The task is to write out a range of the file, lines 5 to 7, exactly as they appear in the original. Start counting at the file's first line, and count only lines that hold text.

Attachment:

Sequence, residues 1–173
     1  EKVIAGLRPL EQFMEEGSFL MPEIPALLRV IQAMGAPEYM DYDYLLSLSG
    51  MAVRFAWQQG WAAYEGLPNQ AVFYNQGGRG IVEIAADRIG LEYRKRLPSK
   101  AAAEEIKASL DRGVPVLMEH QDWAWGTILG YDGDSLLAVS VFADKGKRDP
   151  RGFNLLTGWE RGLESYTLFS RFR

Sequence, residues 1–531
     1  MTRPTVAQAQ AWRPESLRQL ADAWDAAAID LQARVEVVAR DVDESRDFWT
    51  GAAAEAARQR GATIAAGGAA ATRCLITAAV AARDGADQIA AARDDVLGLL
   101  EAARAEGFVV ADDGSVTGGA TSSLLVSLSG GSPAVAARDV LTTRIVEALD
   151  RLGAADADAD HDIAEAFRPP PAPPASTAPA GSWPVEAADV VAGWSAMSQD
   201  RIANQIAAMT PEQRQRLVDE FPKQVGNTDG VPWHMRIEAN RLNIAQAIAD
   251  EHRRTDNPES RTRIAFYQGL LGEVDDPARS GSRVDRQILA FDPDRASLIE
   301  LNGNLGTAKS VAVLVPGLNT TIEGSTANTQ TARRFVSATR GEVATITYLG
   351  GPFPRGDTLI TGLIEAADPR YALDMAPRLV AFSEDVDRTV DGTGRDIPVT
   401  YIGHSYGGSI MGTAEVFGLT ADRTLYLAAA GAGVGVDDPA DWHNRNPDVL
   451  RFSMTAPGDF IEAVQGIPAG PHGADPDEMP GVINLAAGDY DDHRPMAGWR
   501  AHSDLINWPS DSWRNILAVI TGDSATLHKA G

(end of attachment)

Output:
   151  RGFNLLTGWE RGLESYTLFS RFR

Sequence, residues 1–531
     1  MTRPTVAQAQ AWRPESLRQL ADAWDAAAID LQARVEVVAR DVDESRDFWT